Peter Beinart is urging progressive American Jews to take on “establishment” Jewish groups and call for sanctions against Israel. In a piece in the Forward, Beinart says the $3.8 billion a year of US aid should keep flowing but it should be conditioned: No money for house demolitions, child detentions, illegal settlements, or Gaza siege.
The article is important because a liberal Zionist is echoing Alexandria Ocasio-Cortez’s idea of conditioning US aid (which is consistent with the Sanctions portion of the BDS call) and endorsing Betty McCollum’s groundbreaking legislation to use US aid as a means to punish Israel for its detention of children. Beinart says it’s shameful” that only one presidential candidate, Rep. Seth Moulton, has endorsed the legislation.
So Beinart continues to show leadership. He is deeply embedded in the traditional Jewish community for which Israel support is the definition of Jewishness. He is breaking ranks with the people he loves most; and when few liberal Zionists have taken any such risks, his move puts pressure on other Israel supporters who claim to hate the occupation to put their money where their mouths are. J Street has not supported McCollum’s bill.
A few comments on Beinart’s theory of change.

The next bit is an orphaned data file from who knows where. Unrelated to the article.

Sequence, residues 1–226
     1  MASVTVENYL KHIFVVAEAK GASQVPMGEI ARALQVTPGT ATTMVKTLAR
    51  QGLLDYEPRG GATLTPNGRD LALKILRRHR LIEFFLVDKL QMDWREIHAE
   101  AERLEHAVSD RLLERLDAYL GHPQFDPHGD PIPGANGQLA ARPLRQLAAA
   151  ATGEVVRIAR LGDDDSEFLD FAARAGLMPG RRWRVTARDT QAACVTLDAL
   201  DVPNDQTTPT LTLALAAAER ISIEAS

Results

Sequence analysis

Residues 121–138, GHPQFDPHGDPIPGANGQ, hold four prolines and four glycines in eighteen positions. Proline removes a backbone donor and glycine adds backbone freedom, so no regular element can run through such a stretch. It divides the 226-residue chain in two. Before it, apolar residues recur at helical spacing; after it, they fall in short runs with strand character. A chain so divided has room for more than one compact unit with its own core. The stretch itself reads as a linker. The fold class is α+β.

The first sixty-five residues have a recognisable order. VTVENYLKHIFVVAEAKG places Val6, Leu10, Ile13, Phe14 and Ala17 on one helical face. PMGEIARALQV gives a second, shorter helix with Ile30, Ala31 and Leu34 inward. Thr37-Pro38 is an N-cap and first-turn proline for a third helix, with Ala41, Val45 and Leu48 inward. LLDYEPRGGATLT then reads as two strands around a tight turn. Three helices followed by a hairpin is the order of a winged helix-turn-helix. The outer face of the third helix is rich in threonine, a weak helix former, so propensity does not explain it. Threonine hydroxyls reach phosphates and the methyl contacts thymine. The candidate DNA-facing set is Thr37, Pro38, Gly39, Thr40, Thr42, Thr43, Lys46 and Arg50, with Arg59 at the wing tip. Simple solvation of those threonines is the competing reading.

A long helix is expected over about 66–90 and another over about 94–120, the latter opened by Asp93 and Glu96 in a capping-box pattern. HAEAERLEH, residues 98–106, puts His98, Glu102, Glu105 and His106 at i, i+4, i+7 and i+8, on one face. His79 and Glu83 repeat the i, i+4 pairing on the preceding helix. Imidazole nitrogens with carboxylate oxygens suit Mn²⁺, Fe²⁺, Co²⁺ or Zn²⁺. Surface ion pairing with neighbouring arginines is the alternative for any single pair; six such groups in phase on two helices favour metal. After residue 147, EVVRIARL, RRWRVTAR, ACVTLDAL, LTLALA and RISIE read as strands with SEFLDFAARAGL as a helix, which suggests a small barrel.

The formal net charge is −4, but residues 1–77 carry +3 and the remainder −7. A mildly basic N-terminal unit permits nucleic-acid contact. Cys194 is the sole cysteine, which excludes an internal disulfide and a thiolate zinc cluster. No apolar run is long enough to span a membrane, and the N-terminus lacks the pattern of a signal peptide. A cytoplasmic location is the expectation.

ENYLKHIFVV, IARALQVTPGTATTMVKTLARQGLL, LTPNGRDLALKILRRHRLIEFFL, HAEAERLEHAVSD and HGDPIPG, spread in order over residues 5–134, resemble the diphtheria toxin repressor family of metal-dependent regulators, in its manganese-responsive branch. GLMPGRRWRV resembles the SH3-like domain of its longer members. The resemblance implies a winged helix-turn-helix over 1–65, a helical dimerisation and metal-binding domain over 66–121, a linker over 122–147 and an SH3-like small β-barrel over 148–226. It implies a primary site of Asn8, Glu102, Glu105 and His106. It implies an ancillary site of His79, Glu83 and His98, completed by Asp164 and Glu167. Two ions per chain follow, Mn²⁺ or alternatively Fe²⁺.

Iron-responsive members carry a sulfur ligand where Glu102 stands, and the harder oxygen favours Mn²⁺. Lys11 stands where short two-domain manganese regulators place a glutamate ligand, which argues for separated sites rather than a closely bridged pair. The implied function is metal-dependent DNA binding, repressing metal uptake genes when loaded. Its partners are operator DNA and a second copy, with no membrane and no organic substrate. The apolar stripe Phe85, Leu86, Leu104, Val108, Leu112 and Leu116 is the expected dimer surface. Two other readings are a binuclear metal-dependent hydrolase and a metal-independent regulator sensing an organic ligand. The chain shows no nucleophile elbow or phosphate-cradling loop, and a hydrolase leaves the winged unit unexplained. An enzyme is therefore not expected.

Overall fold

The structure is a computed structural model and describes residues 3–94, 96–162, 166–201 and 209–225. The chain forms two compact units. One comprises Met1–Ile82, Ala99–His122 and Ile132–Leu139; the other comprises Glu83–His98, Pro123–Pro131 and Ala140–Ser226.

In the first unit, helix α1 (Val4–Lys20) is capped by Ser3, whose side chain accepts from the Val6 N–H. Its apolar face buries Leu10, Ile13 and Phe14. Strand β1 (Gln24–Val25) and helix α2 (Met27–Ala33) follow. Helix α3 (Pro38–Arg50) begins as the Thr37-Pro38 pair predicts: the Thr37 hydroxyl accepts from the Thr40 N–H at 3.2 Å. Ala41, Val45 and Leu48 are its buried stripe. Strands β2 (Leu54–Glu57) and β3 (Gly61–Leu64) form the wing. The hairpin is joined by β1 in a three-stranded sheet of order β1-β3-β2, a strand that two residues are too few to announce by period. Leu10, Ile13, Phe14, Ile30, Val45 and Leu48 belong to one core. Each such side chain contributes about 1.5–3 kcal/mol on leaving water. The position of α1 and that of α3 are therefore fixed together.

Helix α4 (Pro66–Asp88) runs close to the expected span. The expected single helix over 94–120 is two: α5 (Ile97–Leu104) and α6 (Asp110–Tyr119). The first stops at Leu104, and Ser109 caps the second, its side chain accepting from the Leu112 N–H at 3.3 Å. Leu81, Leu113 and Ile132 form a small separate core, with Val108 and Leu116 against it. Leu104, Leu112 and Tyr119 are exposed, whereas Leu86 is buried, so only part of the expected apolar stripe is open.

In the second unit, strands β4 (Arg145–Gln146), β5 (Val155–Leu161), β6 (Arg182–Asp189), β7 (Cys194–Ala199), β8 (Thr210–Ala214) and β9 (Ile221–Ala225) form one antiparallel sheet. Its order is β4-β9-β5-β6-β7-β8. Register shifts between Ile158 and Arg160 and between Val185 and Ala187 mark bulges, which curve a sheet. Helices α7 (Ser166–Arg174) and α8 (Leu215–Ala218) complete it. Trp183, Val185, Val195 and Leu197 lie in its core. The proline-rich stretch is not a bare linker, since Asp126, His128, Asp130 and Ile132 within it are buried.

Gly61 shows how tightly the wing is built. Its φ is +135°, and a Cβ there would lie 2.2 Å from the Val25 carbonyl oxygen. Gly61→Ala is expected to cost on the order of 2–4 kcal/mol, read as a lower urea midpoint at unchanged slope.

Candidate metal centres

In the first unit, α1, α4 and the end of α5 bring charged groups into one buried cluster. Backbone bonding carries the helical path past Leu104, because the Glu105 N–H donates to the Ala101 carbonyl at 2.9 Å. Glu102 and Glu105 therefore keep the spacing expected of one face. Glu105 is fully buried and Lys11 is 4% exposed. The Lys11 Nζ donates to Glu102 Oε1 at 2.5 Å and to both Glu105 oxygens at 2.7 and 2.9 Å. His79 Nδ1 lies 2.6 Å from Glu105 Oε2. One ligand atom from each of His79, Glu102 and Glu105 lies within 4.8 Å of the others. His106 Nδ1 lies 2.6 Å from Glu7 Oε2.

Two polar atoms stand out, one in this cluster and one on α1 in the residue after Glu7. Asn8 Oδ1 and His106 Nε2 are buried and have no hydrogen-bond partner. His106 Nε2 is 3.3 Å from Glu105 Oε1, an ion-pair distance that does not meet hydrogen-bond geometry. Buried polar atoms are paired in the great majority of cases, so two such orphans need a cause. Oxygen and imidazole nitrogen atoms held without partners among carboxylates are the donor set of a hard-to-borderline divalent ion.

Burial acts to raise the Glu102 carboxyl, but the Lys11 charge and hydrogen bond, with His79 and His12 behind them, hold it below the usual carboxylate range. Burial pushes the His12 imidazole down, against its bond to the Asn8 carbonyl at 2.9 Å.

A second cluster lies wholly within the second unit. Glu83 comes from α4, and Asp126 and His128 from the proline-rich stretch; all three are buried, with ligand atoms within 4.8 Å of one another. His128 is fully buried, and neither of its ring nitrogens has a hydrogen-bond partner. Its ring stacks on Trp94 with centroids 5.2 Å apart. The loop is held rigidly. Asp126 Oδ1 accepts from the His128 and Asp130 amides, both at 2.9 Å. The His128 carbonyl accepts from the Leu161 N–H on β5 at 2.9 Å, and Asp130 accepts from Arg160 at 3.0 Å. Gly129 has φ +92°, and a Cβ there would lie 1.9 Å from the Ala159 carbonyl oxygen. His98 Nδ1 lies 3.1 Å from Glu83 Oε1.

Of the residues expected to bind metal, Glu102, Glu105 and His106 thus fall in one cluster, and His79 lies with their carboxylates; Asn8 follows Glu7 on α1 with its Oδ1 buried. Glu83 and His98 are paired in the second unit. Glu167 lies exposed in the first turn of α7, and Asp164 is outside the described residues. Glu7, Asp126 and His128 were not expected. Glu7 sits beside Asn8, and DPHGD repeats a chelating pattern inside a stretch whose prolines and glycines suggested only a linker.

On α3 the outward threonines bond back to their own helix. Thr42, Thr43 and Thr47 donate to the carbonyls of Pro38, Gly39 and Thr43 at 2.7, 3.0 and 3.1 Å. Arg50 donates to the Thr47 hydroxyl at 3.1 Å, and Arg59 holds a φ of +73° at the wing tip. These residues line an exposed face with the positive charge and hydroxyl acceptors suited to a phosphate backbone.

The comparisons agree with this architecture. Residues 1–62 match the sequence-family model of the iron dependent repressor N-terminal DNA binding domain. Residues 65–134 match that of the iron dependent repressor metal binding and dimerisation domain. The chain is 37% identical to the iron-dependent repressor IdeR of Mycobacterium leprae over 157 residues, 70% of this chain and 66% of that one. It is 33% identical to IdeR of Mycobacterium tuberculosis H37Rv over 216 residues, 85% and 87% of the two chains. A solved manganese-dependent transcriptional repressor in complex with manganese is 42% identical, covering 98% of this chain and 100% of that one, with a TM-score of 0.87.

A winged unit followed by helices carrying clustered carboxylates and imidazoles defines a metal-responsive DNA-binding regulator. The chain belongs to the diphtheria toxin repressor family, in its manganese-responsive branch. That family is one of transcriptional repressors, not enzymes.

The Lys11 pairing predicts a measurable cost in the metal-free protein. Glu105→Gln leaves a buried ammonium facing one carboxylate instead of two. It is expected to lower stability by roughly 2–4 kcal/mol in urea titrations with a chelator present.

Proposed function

The appeal is sectarian: to Jewish progressives, not Americans as such. Beinart doesn’t completely trust non-Jewish critics of Israel.
If other progressive Jews are like me, they feel an internal dissonance when it comes to pressuring Israel, a voice inside their head that says: Don’t turn on your own…. Once American Christians grow comfortable condemning and pressuring Israel, maybe we’ll find they enjoy it just a little too much.
Beinart obviously ascribes great power to the American Jewish community (as I do). He goes through a litany of events in which Benjamin Netanyahu nullified American policy and got away with it, routinely humiliating Barack Obama; and Obama never used American aid to Israel “as a lever to change the [Israeli] policies he decried.”
Even presidents like Obama, who disapprove of Israel’s actions, don’t penalize Israel for them. They fold… The American government’s capitulation — under both Democrats and Republicans — is the unspoken elephant in the room when Americans discuss Israel’s embrace of permanent occupation. It is impossible to understand the looming death of the two-state solution without understanding that, for more than a twenty-five years, no American president has made Israel pay a price for undermining it. During that time, the notion that an American president might refuse to subsidize policies that brutalize Palestinians, harm America’s image, and threaten Israeli democracy, has become almost inconceivable. It’s time for a new generation of American progressives — especially progressive Jews — to make it conceivable again.
One reason conditioning aid has become inconceivable is that any American president who proposed it would be labeled anti-Israel, if not anti-Semitic.